People don’t often ask me what I like about counselling, but when they do, I get this vague uncomfortable feeling. I usually respond with the cliché response that I like seeing people make positive changes in their lives and increase their satisfaction with living. But what I really want to say is this: "Getting people to feel safe enough to talk about their most private aspects of their lives, their vulnerabilities…this is what really satisfies me.”
And the reason I don’t say this out loud very often is because when a counsellor/therapist connects on this level, it is a very intimate connection-not a connection the average person experiences very often. Few people talk this way even with their partners or close friends. It is scary and takes great courage.
Brene Brown, a renowned social worker from the United States, has become the guru of vulnerability. Through her academic training and her own therapeutic process, she has reframed vulnerability from an often shame-based emotion to a strong stepping stone to finding one’s strength and genuineness.
Psychologist, Arthur Aron (and others) have conducted studies that explore whether intimacy between two strangers can be accelerated by having them ask each other specific questions (in 3 series, each more probing than the previous.) The idea is that mutual vulnerability fosters closeness just as Brene Brown has articulated.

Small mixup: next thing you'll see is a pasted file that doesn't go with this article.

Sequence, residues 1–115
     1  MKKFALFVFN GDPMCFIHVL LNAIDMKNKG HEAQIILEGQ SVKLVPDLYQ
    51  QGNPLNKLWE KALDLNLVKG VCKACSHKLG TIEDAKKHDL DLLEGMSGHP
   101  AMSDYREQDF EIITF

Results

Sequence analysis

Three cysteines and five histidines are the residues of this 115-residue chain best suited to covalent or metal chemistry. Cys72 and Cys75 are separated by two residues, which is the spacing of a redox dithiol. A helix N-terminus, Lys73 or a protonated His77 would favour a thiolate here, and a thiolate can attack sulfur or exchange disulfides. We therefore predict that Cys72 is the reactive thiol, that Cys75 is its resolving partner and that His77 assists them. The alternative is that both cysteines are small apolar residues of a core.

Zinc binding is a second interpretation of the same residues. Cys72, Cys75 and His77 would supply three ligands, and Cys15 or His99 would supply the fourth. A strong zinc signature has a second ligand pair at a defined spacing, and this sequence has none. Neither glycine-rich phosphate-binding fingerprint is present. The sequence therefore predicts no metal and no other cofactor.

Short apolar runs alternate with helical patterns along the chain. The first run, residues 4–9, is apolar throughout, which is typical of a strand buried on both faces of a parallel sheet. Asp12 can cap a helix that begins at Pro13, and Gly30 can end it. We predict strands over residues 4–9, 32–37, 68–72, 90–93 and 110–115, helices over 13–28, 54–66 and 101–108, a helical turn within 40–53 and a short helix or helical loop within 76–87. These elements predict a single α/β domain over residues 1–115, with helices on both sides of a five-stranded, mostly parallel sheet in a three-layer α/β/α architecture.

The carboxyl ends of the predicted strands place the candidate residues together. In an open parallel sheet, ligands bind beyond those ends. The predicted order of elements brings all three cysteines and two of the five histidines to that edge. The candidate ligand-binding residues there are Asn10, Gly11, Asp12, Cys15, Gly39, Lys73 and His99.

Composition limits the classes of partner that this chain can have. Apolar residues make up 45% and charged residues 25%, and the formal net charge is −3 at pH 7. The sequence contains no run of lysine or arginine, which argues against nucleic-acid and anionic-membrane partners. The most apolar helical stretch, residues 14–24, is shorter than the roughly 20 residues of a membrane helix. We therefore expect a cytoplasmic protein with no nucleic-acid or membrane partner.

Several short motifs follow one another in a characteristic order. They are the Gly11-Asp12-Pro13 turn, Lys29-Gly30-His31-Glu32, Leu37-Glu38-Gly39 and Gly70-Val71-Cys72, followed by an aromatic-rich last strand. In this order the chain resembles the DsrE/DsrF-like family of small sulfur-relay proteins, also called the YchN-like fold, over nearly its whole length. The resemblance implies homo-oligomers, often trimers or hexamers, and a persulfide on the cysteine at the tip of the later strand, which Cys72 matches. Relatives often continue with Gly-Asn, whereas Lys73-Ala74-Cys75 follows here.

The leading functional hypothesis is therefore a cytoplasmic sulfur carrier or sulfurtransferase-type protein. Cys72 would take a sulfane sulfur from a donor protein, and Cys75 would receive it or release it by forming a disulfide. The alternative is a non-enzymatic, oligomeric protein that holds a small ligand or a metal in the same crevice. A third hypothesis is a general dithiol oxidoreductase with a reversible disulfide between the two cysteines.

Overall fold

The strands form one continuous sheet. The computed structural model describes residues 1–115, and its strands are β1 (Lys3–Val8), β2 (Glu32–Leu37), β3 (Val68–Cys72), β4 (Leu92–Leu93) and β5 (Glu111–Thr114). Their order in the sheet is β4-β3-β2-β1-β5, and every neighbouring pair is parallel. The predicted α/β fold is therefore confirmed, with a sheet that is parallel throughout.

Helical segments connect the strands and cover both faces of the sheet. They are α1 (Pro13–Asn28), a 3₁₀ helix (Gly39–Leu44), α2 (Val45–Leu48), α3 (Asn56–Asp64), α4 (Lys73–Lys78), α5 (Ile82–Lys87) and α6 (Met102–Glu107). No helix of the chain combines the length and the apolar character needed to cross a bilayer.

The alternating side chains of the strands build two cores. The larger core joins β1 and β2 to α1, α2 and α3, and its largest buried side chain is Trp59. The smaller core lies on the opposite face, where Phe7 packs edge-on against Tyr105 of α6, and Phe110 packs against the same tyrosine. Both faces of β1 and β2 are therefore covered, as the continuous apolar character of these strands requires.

Take a peek at a few of these questions.
- Given the choice of anyone in the world, whom would you want as a dinner guest?
- What would constitute a “perfect” day for you?
- If you could wake up tomorrow having gained any one quality or ability, what would it be?
- If a crystal ball could tell you the truth about yourself, your life, the future or anything else, what would you want to know?
- What do you value most in a friendship?
- What is your most treasured memory?
- Complete this sentence: “I wish I had someone with whom I could share _____.”
- When did you last cry in front of another person? By yourself?
- If you were to die this evening with no opportunity to communicate with anyone, what would you most regret not having told someone? Why haven’t you told them yet?
So whether you are just starting to date someone or are already in a committed relationship, try out
these questions…if you dare. See what you can learn about the other person. Grab a coffee or a
drink and make it a playful exercise.
For the complete list try:
But take note, the answers could bring you closer together, or maybe not. Because to be vulnerable is always a risk.
The 36 Questions That Lead to Love